Bellevue shows the body of a suicide slumped on the pavement, surrounded by police officers and hospital staff. Death was an important theme to Andy Warhol in the early ‘60s, when he also created his paintings of road traffic and airplane accidents, and scenes of the electric chair. Warhol based Bellevue on a newspaper photo. The image was printed onto the canvas fourteen times in a four-column grid. Warhol used the silkscreen process to directly transfer the photographic image to the canvas. His working method was intentionally imprecise; because some of the images overlap, each one is slightly different. Warhol found the silkscreen technique ideally suited to creating art in a relatively neutral, impersonal manner. By repeating images, Warhol intended to show life as it is – no less tragic or more sensational than the everyday news that confronts us.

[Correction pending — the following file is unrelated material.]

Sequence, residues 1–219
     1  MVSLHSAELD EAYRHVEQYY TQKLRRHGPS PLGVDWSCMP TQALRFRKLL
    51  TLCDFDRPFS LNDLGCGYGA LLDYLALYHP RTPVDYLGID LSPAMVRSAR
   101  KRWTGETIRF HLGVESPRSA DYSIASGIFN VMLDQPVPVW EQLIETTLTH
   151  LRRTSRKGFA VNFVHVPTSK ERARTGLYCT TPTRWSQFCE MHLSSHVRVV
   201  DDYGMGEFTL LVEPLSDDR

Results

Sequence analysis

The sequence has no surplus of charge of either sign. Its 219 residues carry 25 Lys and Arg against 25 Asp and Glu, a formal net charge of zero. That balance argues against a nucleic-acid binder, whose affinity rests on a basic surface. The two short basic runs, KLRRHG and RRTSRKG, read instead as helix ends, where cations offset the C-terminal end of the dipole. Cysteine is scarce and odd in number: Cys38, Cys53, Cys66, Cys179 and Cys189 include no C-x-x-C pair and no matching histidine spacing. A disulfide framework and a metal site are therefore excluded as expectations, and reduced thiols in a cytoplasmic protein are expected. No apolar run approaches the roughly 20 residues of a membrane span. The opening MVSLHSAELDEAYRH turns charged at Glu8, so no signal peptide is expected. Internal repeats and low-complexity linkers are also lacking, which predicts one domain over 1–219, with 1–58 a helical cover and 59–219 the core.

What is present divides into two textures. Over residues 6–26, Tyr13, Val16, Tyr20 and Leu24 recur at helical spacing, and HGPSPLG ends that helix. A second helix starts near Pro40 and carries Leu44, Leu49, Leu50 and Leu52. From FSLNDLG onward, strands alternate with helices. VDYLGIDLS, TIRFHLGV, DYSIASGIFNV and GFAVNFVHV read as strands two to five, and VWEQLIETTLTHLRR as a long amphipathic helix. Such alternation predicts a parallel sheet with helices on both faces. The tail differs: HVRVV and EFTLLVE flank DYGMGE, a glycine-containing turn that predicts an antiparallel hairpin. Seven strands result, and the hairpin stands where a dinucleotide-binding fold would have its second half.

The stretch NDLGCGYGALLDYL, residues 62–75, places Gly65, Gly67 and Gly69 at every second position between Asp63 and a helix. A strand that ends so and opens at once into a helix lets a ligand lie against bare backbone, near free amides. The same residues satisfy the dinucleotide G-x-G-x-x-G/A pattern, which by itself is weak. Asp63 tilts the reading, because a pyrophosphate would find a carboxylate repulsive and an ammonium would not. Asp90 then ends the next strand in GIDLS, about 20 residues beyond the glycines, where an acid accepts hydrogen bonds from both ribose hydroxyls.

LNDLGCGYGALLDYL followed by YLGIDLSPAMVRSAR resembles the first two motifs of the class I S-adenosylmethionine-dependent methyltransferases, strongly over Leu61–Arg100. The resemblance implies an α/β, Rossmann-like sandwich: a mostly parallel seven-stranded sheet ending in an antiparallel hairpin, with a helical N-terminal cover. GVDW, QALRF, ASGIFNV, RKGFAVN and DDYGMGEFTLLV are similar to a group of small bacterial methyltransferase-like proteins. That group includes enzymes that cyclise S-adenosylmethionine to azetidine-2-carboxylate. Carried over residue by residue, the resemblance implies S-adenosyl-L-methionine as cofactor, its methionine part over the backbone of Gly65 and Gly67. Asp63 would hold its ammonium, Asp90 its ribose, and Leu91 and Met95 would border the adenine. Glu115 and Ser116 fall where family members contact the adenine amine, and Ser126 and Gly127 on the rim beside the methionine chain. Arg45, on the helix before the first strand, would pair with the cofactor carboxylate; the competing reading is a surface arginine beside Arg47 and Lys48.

© The Andy Warhol Foundation for the Visual Arts, Inc. c/o Pictoright Amsterdam/Stedelijk Museum Amsterdam

Makers

Collection

Paintings

Production date

1963

Library

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Dimensions

210.5 x 210.8cm.

Material

silkscreen ink and acrylic on canvas

Object number

A 37145

Credits

verworven met steun van de Vereniging Rembrandt / acquired with the generous support of the Vereniging Rembrandt

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